:jtv!jtv@jtv.tmi.twitch.tv PRIVMSG theadventuresofcoyote :Medallion95 is now hosting you for up to 3 viewers.

In this example, the text contains a numerical indication of the number of viewers. I wanted one piece of code to check for both types, so I did the following

  1. Check that message is a PRIVMSG
  2. Check that the message starts with :jtv!jtv@jtv.tmi.twitch.tv
  3. Check that the message has the text "now hosting you"
  4. Grab everything from the start of the chat message to the first space. This is the user that hosted you
  5. Run a regular expression checking for "up to (\d+) viewers" or similar in whatever language you prefer
  6. If the regular expression matches, pull out the match group as the viewer count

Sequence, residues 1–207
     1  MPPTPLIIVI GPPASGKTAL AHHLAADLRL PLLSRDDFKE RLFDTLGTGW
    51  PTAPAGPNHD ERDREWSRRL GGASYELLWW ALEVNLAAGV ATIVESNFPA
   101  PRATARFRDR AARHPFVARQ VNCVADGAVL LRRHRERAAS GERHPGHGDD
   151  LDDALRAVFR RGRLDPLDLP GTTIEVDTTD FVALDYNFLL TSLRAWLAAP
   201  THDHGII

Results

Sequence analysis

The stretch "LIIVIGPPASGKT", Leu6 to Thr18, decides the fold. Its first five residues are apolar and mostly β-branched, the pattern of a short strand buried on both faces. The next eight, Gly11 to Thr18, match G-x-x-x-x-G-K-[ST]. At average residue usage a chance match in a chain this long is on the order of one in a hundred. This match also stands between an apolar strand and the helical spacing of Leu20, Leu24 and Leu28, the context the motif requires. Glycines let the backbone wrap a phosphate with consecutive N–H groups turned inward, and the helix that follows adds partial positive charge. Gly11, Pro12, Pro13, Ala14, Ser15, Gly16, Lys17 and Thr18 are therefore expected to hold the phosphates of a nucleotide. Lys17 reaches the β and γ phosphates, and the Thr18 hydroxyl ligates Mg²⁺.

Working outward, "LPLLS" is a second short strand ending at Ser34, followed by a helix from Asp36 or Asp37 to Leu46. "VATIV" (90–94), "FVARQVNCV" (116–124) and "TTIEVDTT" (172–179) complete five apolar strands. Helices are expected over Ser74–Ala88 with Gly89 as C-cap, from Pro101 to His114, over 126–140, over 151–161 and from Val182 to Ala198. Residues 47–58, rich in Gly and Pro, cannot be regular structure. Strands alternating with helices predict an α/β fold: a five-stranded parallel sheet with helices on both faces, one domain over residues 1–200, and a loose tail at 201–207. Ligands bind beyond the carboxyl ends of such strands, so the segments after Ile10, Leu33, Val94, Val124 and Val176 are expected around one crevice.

Host targets

The last type of message you'll see looks like this

:tmi.twitch.tv HOSTTARGET #theadventuresofcoyote :infantryman4life 16

The message is exactly what it looks like. If you are in a channel when that streamer hosts someone else, you will receive this message. The structure is as follows

:tmi.twitch.tv HOSTTARGET #<channel-hosting> <channel-hosted> <viewer-count>

Twitch Follows

But what about Twitch Follows? What chat messages inform you about those? Well the answer is simple: none. At the time of my investigation there was no way to receive notifications in your application that a user has received a new follower.

But of course there is a work around for this. The Twitch API allows you to get all the user followers by making an HTTP request. This is fully documented here. The URL is https://api.twitch.tv/kraken/users/<user ID>/follows/channels. The value <user ID> is the numeric ID of the user, not the publicly visible name of the streamer.

To get the User ID, there are a couple ways

  1. Make a request to https://api.twitch.tv/kraken/user' to get a result with your own user ID
  2. If you want to search for users, you can make a request to https://api.twitch.tv/kraken/users?login=<user IDs>